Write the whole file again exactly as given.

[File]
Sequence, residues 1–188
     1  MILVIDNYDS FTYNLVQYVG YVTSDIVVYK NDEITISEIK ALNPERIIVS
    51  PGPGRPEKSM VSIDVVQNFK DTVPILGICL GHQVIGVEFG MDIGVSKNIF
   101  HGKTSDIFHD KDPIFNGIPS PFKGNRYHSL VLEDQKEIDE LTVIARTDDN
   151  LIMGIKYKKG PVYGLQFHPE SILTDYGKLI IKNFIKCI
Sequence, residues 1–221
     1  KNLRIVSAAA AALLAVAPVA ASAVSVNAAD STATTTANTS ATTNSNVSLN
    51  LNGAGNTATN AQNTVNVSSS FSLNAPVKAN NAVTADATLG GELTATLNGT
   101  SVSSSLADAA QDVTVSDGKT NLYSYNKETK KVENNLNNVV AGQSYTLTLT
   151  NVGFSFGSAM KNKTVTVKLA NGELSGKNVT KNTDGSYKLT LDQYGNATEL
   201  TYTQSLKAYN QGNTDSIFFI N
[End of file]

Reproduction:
Sequence, residues 1–188
     1  MILVIDNYDS FTYNLVQYVG YVTSDIVVYK NDEITISEIK ALNPERIIVS
    51  PGPGRPEKSM VSIDVVQNFK DTVPILGICL GHQVIGVEFG MDIGVSKNIF
   101  HGKTSDIFHD KDPIFNGIPS PFKGNRYHSL VLEDQKEIDE LTVIARTDDN
   151  LIMGIKYKKG PVYGLQFHPE SILTDYGKLI IKNFIKCI
Sequence, residues 1–221
     1  KNLRIVSAAA AALLAVAPVA ASAVSVNAAD STATTTANTS ATTNSNVSLN
    51  LNGAGNTATN AQNTVNVSSS FSLNAPVKAN NAVTADATLG GELTATLNGT
   101  SVSSSLADAA QDVTVSDGKT NLYSYNKETK KVENNLNNVV AGQSYTLTLT
   151  NVGFSFGSAM KNKTVTVKLA NGELSGKNVT KNTDGSYKLT LDQYGNATEL
   201  TYTQSLKAYN QGNTDSIFFI N